YouTube influencer Zygrene has compared the Tesla Model Y with the Polestar 2, Kia EV6, and Hyundai Ioniq 5 in the past. Just a few weeks ago, after spending more time with the Ioniq 5, he put out a video claiming that it's nearly the perfect EV. Needless to say, when Zygrene followed up that video with a comparison of the Ioniq 5's driving dynamics to the Model Y's, it got our attention.

Zygrene says he aims to show us precisely how the Hyundai Ioniq 5 AWD "stacks up against the gold-standard Tesla Model Y Long Range in driving dynamics." He's fortunate to spend a good deal of time driving both crossovers, which gives him a solid idea of how they compare. The best part is that he filmed multiple drives on the same roads and in the same conditions so that we can see how the cars perform.

Before diving into the video, there are some important details you should be aware of. First of all, these electric crossovers are in different segments and have very different price tags. The "luxury" Model Y starts are $65,990. Meanwhile, you can get into the "non-luxury" Ioniq 5 for around $40,000. The current $7,500 US federal tax credit applies to the Hyundai, but not the Tesla, though that stands to change soon. 

To make the cars relatively comparable, you have to step up from the base Ioniq 5 Standard Range to the SE model ($44,000). This way, you get the long-range battery pack and 303 miles of EPA-estimated range. According to the EPA, the Model Y Long Range has an estimated 330 miles of range. You also have to opt for the dual-motor all-wheel-drive version of the Ioniq 5, which adds another $3,500, though it drops the range to just 252 miles.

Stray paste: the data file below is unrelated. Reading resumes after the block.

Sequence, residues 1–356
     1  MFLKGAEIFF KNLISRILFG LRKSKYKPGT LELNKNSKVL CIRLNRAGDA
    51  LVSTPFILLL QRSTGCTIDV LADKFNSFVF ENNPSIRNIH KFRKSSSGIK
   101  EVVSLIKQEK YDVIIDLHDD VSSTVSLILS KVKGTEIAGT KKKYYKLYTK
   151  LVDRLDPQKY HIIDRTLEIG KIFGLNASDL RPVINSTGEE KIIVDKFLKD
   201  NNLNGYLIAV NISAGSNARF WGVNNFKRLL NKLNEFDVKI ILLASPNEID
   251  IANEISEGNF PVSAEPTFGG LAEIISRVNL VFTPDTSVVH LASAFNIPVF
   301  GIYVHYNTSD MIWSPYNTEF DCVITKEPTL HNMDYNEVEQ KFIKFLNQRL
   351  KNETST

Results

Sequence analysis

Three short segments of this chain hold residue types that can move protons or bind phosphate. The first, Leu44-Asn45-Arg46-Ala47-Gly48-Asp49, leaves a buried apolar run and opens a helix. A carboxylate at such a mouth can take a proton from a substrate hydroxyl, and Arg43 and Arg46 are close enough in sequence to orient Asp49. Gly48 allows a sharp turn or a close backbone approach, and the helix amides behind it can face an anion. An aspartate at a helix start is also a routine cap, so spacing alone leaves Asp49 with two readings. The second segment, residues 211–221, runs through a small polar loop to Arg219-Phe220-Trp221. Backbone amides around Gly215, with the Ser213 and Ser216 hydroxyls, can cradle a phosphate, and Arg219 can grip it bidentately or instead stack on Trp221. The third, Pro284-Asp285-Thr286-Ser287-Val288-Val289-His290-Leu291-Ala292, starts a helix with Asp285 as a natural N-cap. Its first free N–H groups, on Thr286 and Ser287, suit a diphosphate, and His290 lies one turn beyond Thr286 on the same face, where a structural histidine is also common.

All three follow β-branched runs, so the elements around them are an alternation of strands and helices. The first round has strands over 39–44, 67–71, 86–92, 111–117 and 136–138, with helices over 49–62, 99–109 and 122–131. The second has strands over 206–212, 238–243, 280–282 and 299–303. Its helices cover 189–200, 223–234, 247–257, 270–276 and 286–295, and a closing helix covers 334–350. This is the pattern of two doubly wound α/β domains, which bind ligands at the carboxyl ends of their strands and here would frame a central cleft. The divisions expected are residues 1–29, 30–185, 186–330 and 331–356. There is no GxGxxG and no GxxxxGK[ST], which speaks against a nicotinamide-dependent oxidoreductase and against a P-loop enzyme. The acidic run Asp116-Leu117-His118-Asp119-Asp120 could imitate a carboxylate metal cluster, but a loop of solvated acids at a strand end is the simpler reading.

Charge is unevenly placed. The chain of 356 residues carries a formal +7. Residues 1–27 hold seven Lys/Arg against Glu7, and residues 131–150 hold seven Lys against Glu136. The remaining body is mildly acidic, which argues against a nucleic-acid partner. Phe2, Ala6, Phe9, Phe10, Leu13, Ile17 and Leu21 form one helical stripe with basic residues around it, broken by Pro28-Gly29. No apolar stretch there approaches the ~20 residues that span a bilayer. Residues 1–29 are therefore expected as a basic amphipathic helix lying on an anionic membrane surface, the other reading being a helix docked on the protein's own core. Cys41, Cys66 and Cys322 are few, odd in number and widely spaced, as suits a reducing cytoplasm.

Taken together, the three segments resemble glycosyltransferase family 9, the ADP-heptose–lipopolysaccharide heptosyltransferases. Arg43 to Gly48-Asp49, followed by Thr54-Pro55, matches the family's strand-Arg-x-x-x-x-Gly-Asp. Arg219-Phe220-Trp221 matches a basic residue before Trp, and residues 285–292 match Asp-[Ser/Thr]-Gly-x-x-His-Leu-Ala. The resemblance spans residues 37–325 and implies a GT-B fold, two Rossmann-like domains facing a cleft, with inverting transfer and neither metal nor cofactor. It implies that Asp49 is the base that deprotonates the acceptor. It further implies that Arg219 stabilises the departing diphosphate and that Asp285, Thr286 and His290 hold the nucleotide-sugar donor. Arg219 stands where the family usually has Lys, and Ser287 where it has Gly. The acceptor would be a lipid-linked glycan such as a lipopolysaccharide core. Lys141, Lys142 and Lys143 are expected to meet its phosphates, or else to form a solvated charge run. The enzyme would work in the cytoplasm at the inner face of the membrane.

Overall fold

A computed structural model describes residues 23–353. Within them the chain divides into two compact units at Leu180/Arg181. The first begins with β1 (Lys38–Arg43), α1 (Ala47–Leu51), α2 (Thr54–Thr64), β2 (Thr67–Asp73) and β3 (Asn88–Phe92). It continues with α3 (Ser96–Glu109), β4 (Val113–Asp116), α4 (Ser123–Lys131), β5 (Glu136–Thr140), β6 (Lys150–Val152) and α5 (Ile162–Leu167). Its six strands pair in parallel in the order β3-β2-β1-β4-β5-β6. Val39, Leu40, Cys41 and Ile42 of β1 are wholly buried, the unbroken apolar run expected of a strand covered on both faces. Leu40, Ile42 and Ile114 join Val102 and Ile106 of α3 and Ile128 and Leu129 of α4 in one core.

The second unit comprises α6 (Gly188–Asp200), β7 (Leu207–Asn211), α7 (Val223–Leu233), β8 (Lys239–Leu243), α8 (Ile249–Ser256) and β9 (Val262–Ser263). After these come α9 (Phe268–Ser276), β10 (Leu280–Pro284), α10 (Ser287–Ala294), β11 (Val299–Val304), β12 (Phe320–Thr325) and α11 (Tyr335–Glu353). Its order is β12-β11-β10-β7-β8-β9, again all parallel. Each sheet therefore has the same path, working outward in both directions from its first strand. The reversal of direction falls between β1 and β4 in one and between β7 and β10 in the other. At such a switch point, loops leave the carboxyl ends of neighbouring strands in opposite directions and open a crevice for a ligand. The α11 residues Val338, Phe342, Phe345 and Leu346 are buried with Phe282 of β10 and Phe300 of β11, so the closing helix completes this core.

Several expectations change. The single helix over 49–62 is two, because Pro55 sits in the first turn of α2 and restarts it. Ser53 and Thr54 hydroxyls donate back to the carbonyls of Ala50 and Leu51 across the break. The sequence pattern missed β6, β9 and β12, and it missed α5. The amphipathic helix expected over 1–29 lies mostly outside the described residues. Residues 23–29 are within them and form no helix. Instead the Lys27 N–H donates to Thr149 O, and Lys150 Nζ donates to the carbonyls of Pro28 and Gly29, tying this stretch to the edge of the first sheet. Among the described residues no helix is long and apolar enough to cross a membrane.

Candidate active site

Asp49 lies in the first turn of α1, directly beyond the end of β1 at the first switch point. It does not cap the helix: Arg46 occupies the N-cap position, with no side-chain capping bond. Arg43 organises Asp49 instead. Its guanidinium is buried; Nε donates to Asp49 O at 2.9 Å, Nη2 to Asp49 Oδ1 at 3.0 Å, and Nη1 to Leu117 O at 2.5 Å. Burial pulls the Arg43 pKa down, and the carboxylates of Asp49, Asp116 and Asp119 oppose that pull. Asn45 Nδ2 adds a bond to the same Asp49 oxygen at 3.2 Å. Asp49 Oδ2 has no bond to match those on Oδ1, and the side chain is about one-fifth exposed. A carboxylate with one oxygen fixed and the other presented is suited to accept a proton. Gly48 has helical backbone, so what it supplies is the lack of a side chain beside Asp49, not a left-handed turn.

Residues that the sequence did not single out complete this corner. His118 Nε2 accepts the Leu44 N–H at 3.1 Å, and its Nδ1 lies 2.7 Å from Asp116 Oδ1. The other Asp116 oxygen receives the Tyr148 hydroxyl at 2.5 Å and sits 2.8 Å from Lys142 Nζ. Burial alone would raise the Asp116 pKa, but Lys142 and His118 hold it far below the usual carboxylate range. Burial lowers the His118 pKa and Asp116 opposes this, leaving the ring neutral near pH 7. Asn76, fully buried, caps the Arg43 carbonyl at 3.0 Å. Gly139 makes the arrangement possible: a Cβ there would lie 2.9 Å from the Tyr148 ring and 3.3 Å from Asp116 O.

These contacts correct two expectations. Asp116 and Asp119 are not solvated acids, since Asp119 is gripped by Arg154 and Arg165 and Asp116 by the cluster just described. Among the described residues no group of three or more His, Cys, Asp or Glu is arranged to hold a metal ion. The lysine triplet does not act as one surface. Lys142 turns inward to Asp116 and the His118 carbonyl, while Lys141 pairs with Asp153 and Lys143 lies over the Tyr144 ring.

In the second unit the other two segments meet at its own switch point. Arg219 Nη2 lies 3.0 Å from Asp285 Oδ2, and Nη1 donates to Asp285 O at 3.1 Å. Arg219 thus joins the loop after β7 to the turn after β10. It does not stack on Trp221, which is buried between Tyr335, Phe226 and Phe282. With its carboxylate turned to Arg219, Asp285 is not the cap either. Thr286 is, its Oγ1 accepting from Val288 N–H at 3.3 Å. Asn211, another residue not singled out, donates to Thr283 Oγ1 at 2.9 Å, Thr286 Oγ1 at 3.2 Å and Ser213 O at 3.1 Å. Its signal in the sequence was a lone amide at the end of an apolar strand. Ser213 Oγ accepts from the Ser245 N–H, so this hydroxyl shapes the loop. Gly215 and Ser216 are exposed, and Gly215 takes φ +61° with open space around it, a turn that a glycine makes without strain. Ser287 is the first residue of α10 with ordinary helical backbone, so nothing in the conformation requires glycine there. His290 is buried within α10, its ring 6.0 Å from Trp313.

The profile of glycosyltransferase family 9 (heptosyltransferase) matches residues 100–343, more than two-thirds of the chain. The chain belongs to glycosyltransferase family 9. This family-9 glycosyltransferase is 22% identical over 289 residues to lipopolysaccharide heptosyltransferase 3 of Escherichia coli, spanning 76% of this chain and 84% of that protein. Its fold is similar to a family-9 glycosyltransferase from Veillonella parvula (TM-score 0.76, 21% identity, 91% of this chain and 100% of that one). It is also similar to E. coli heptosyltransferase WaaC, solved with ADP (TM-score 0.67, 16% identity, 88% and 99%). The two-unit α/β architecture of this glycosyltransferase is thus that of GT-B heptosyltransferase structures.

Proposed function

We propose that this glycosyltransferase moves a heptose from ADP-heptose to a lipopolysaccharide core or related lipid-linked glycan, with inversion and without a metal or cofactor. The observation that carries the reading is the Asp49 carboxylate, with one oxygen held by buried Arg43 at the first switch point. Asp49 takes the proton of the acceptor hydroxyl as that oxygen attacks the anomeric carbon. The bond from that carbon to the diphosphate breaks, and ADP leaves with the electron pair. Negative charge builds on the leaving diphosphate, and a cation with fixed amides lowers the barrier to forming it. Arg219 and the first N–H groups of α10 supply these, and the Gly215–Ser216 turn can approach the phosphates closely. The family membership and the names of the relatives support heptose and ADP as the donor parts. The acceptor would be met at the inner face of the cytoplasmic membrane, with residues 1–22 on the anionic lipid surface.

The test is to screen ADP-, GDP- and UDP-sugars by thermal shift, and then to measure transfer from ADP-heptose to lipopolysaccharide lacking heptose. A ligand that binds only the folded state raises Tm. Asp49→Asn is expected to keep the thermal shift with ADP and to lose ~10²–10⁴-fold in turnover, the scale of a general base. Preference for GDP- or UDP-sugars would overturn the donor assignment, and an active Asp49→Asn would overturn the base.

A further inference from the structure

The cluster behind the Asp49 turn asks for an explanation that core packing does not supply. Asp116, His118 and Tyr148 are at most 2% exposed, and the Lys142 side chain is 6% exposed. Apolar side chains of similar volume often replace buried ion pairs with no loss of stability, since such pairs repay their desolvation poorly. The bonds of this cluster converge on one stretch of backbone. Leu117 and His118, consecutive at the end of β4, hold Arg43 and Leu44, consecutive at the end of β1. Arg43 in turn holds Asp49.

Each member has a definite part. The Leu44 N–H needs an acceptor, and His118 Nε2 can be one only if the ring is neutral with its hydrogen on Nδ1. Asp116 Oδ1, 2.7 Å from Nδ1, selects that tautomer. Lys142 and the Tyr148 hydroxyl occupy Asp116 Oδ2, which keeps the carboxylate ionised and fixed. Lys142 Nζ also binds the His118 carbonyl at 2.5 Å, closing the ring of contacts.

No matter how you look at it, we're talking about a sub-$50,000 EV compared to one that's pushing $70,000. However, the latter is a premium EV with more range and better performance specs.

On paper, the Model Y Long Range can zip from zero to 60 mph in 4.8 seconds. An extra $4,000 gets you the Performance version ($69,990), which can pull it off in 3.5 seconds. The Ioniq 5 with the long-range battery and all-wheel drive can hit 60 mph in 5.2 seconds.

Now that you have all the important details, it's time to kick back, get out the popcorn, and learn how these popular electric crossovers actually compare in the real world, at least based on their overall driving dynamics. As it turns out, both are quite impressive in many ways, but since ride and handling preferences are highly subjective, one of these EVs will likely impress you more than the other.

What do you think of the Ioniq 5? Is it a worthy Model Y alternative, especially considering it will save you a good chunk of change? Leave us your thoughts in the comment section below.

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